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The Silent Movie Technique

Dr. Eric
Dr. Eric
January 7, 2021

Have you ever asked yourself, “Why would they do that?” Maybe it involves a romantic relationship going south. Maybe it involves a friend suddenly behaving differently. It’s that sense of confusion mixed with the fear of what will happen next.

A relationship is starting out well, then suddenly the person pulls away, stops texting as frequently, starts being difficult to meet with. Or maybe a friend is suddenly being irritable and grumpy. Or maybe a co-worker is starting to have an attitude. You try to confront the issue, but you get a lot of excuses and the trend continues. What happened? What did you do?

When patients, and even friends, come to me very confused about “Why would they do that?” they typically go into a very detailed analysis of who said what, when they said it, how they said it, what emoji they used, etc. They then over-analyze what they said, whether something they did prompted the change. There’s usually anxiety, fear, disappointment, and confusion.

What’s the advice I give that seems to provide a bit of clarity?

I want you to re-visit every moment in great detail…like a silent movie.

When they start describing the transition as if it were a silent movie, everything changes. Things start becoming clear. The sadness and disappointment are still there but there’s less anxiety, fear, and confusion. Why is that?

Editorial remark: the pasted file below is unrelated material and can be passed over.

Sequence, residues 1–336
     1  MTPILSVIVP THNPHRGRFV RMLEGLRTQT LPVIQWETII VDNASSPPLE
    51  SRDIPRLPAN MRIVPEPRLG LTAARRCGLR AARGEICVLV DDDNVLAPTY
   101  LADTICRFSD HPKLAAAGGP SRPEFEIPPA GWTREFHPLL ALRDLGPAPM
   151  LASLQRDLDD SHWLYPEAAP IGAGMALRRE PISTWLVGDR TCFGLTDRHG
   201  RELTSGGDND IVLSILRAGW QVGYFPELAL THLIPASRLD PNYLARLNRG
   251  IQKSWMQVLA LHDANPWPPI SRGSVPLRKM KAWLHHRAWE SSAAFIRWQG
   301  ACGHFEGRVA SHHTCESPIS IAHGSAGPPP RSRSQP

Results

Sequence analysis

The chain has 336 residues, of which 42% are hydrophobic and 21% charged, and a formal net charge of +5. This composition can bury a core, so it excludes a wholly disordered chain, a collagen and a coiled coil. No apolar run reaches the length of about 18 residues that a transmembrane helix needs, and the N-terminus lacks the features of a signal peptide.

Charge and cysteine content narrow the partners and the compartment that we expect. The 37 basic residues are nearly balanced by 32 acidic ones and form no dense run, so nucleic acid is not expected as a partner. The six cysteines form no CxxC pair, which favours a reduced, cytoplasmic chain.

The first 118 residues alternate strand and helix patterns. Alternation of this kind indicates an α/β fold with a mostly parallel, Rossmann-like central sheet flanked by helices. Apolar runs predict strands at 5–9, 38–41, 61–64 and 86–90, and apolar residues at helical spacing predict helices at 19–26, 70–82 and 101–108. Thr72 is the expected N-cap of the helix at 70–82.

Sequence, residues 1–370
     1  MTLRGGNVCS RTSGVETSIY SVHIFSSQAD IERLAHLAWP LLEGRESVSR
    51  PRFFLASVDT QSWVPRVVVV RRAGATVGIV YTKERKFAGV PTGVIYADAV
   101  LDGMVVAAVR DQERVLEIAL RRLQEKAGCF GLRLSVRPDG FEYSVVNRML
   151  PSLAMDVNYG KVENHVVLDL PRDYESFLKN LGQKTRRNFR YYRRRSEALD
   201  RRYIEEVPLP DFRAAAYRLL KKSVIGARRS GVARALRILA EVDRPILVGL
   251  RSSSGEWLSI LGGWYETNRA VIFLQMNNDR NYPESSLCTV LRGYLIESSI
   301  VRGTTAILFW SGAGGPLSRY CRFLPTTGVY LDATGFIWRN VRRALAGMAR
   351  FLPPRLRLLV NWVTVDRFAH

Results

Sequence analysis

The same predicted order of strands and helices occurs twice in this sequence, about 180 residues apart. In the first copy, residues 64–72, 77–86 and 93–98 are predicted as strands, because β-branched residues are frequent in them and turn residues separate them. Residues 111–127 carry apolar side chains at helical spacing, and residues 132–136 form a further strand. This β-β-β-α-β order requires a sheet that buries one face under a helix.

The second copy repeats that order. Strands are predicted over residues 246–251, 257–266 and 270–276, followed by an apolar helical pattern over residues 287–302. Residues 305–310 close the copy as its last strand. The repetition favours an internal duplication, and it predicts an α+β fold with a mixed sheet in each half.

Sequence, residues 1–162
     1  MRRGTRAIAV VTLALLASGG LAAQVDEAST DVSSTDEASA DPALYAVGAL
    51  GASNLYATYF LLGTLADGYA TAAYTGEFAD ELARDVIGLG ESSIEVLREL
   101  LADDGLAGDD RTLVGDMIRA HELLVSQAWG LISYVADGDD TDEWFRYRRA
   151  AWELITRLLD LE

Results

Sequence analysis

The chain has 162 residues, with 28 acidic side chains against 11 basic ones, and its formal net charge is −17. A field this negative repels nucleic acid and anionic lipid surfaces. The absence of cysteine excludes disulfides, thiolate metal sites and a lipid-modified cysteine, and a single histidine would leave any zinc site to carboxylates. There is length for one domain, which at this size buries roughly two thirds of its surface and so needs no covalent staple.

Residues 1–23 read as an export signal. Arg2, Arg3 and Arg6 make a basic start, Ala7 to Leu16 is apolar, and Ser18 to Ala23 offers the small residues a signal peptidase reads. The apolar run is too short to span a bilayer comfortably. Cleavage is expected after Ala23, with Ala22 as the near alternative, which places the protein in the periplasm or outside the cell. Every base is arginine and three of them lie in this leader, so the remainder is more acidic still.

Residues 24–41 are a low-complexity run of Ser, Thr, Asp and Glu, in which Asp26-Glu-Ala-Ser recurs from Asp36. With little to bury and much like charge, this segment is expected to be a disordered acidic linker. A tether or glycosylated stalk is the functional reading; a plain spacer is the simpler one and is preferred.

If there is conflict, words don’t matter.

This counts for internal or external conflict. The words people use often confuses the true picture. That’s where the phrase “actions speak louder than words” comes in. But I’d like to go deeper.

People often have poor insight into themselves, let alone others. And when someone has an internal conflict, words that are used often try to hide the conflict, even from themselves. When someone has a poor understanding of themselves, how will anything they say provide insight into the situation?

By turning a confusing social situation into a silent movie, all the words are gone and what is left are actions. That typically is a more coherent view if what is actually going on. Words confuse the overall picture.

So if you’re ever feeling confused about the actions of another, try the silent movie technique. It just might clear things up.

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